For Carmen in San Sebastián
The play opens in the aftermath of a hurricane in Puerto Rico with Teo, a burro, and Luna, a dog. Luna and her owner, Dari are moving to New York City and Luna wants to help make a difference on the island before they have to leave. She is inspired by Luis Soriano and his Biblioburros who brought books to kids in Colombia who didn’t have access to libraries. Luna convinces Teo to travel to a neighboring town with his large collection of hurricane supplies where volunteers are assembling to see how they can help.
A young volunteer named Daniel sees potential in the animal helpers and asks Teo and Luna to deliver a very special book to his cousin Carmen in San Sebastián. No one from the volunteer group has been able to reach San Sebastián because of the hurricane damage to the roads. Luna is thrilled to have a mission, and Teo begrudgingly agrees to come along. On their journey, they encounter Pepito, a coquí frog who warns them of the conditions they will face and the magic that has been stirred up in the forest after the hurricane.
Teo and Luna get caught in a rainstorm and end up losing sight of the road they’re following. Through the magic of the forest, they find themselves with Grandma Julia Chico, a woman from a pioneering time in Puerto Rico’s past. Having just gone through a hurricane herself, Grandma Julia bolsters the travelers, ensuring them that they can make a difference, even if it’s just for one person. As Teo and Luna leave, they find themselves back in present time and even more lost than they were before. For the first time on their journey, Luna starts to lose hope that they’ll ever complete their mission. Just as she is about to give up, millions of tiny bio-luminescent creatures illuminate the night, revealing the mountain village of San Sebastián.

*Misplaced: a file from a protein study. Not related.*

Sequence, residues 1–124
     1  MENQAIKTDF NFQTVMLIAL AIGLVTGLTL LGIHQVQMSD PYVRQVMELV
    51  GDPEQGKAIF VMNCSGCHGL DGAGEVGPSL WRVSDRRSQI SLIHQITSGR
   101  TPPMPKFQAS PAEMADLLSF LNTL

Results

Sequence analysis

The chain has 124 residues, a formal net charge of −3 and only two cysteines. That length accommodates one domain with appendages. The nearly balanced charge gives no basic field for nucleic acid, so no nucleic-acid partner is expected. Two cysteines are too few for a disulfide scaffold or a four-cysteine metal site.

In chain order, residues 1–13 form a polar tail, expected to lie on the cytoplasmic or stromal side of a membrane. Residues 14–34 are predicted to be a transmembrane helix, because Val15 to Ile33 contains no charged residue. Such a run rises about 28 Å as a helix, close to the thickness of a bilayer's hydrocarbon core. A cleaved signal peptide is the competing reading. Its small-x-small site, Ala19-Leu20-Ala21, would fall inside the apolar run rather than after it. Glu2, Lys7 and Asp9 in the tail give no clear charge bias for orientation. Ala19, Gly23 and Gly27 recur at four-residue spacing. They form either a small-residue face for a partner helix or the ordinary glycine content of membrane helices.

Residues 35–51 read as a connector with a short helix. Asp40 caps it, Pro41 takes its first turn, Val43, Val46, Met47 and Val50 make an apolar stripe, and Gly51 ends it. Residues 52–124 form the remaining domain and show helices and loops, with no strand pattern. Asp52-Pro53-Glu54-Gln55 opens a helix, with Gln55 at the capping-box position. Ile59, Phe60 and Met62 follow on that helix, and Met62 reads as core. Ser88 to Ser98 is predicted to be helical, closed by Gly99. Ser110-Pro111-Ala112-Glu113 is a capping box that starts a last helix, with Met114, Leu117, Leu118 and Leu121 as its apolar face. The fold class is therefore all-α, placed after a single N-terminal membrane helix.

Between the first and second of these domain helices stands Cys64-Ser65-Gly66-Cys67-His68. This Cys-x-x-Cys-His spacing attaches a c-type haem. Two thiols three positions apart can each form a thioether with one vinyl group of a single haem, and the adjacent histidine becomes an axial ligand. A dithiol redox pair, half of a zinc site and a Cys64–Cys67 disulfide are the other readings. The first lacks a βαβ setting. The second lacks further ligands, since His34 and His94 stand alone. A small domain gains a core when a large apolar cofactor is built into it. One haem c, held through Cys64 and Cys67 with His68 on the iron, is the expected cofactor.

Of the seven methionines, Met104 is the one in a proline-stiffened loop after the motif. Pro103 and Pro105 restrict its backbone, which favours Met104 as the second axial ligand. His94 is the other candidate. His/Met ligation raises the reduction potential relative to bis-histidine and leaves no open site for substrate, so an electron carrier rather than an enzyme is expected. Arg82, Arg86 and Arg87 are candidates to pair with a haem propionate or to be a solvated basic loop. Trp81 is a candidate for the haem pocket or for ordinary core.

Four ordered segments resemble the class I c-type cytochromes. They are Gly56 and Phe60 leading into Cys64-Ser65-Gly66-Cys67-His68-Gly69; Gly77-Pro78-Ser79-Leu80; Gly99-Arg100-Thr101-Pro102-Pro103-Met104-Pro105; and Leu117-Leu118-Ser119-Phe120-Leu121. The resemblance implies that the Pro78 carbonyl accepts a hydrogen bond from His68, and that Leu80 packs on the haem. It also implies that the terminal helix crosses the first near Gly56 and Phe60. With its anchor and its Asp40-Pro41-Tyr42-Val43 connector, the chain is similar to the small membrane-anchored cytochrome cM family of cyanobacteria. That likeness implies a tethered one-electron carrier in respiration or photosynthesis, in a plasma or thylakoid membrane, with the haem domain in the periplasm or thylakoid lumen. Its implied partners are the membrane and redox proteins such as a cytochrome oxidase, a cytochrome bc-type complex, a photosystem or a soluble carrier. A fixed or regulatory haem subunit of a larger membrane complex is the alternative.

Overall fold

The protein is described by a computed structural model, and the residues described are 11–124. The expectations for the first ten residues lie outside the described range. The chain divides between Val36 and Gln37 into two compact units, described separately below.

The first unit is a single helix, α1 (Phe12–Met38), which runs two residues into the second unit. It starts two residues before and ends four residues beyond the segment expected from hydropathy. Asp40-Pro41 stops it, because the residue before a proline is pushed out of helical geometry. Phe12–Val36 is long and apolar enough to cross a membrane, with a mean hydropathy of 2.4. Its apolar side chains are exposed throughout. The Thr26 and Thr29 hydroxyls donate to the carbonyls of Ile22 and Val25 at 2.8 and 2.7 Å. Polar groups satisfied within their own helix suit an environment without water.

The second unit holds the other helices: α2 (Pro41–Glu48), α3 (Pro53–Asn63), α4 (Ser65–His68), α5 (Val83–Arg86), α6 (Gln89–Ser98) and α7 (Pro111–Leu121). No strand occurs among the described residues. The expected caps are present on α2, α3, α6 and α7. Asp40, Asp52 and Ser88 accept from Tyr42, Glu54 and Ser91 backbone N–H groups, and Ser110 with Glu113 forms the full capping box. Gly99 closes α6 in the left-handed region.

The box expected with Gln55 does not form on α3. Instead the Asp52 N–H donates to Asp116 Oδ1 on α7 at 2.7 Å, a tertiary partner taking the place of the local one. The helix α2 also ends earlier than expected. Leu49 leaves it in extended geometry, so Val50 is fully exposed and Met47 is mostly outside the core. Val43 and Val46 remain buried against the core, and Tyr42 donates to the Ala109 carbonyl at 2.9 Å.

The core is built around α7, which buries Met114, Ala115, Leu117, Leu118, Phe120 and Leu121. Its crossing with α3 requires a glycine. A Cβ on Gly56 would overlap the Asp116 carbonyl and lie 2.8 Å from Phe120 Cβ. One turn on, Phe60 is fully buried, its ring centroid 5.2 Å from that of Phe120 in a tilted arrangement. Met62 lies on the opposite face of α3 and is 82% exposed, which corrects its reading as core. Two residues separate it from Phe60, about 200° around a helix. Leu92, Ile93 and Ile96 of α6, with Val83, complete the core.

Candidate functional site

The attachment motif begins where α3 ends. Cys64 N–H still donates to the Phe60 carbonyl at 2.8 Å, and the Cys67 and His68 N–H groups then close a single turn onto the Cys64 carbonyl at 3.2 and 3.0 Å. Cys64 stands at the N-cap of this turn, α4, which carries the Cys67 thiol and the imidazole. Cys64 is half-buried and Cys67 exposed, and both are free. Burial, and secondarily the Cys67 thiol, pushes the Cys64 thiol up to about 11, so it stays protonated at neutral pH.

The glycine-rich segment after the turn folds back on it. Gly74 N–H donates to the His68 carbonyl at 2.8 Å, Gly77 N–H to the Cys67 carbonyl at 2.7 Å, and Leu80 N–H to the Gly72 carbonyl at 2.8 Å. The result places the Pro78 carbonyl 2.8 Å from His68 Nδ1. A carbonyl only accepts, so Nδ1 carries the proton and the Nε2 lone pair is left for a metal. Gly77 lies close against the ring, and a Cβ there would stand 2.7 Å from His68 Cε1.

Teo and Luna come upon Carmen who is busy at work trying to create solar chargers to help the people in her village, but something’s not quite working. Carmen’s grandfather tries to encourage her, telling her that her grandmother wouldn’t want her to give up if she were there, but she is defeated. Carmen notices Teo and Luna’s arrival and they give her the book with the note, “For Carmen in San Sebastián.” The book Daniel sent his cousin is an old children’s book their grandmother used to read to them. The moral from the story sparks an idea for Carmen’s solar chargers and she is reinvigorated to complete her project. Teo and Luna have accomplished their mission and made a real difference, even if it was just for one person. They begin their journey back to their town of Aguadilla having a stronger sense of community, family, and citizenship.